Too Many Arguments, Not Enough Facts
Ossetian civilians, just like the teenagers in Seattle and politicians in Washington, are trying to understand what is going on. It is just as hard to get the facts at the "ground zero" of the conflict as it is thousands of miles away.
True story from Seattle: Two teen-age girls were overheard at lunch yesterday:
"Did you see that the Russians have attacked Georgia?"
"No! Where? Atlanta?"
"I'm not sure!
"Like, why would they DO that?"
Well, those girls are not much far behind the mentality of the political and media--and think tank--classes these past few days. People should be wary about the lack of information, let alone perspective. But that hasn't stopped the opinion classes from offering their dire analyses and even more dire recommendations. We could link to literally hundreds of opinion pieces about the significance of what has happened in the "war in Ossetia and Georgia."
But before we opine further on this here, some questions:
It is said that the Russians provoked Ossetian militia to attack Georgians with machine guns and mortars in order to provoke a response.
What is the hard evidence for this? Did our intelligence agencies know this, by the way?
It is said (by the Russians) that the Georgians undertook indiscriminate shelling of Ossetia, resulting in (variously reported) 1600 or 2000 deaths and 35,000 Ossetian refugees who poured into Russia. If so, that is serious, but where is the evidence? We have a few, frequently repeated photos, but where is the proof of that many deaths and that many refugees?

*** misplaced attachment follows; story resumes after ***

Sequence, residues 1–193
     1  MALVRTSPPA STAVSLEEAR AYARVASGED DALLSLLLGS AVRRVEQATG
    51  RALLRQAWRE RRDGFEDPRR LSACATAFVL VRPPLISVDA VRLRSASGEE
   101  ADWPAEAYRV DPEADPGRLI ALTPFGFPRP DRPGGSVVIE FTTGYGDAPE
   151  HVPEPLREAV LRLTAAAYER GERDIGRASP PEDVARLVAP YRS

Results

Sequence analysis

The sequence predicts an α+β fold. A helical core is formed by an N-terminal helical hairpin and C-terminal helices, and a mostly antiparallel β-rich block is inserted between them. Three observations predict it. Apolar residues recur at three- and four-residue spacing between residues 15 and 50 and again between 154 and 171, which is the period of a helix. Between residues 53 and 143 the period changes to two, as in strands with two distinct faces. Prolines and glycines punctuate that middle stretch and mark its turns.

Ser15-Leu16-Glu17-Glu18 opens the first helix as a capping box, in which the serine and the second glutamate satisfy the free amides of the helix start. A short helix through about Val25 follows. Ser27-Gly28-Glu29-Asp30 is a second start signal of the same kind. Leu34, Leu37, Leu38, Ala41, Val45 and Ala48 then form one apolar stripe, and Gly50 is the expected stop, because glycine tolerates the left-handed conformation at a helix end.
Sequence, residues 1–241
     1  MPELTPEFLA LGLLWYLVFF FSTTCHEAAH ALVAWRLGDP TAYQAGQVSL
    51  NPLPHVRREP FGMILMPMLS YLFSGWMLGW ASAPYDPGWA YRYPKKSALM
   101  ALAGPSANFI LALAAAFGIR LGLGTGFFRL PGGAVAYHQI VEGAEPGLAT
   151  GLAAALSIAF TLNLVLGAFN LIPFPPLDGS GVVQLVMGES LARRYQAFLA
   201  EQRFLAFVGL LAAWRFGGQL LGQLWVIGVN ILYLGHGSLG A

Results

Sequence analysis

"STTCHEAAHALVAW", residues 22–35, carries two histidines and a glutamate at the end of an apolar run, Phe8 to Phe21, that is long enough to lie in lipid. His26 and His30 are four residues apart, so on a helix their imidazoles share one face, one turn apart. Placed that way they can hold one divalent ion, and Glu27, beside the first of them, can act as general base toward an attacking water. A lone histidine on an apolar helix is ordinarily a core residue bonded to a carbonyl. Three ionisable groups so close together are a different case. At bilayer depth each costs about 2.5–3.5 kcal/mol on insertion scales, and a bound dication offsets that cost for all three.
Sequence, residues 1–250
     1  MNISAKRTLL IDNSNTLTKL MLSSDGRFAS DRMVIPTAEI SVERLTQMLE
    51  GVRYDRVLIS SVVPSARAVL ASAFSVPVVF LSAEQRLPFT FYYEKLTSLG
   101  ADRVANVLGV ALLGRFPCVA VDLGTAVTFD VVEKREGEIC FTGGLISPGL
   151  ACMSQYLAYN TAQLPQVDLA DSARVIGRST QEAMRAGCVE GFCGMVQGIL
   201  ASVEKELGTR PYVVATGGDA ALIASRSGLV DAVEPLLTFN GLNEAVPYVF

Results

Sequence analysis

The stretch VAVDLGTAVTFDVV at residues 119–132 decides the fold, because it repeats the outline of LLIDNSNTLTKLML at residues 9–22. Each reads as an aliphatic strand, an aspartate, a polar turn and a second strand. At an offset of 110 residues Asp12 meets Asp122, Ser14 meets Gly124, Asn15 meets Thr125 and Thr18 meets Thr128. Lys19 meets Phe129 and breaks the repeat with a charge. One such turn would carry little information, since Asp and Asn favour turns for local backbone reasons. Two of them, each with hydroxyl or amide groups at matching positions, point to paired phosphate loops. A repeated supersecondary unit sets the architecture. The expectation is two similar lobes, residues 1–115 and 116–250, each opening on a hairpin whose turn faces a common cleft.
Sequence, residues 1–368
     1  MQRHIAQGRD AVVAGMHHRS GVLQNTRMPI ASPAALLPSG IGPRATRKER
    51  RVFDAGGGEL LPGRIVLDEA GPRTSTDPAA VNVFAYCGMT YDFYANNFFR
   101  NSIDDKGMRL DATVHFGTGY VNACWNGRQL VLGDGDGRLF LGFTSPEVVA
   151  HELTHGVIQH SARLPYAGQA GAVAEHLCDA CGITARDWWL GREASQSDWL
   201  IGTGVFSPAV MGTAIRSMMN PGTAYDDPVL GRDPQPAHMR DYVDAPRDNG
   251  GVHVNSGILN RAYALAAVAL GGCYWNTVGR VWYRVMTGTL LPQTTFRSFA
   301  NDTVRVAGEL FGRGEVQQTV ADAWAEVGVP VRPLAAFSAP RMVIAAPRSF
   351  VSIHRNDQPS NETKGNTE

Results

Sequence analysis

The Russians invaded South Ossetia, and crossed into Georgia, cutting communications lines and capturing various Georgian military bases. Civilians were killed--it is said by the Georgians. Again, we have a few, frequently repeated pictures of Georgians killed by Russian bombs. What actually happened? There seems to be a lot of impressionistic reporting about casualties, but little hard information.
It goes on. The Georgians say they shot down 50 Russian planes. The Russians say only two planes were shot down.
Now that there is a cease-fire (not predicted by the media wise men even this time yesterday), wouldn't it be a good idea to find out what really happened before more strident prescriptions are offered for the future of the region, the US-Russian relationship, etc.? There are answers to the questions I have posed. Let's have them.
One of the few things I am absolutely sure of right now is that the US was not on top of this development, and that includes the US media as well as the US government.
Bruce Chapman served as United States Ambassador to the United Nations Organizations in Vienna, Austria from 1985 through 1988.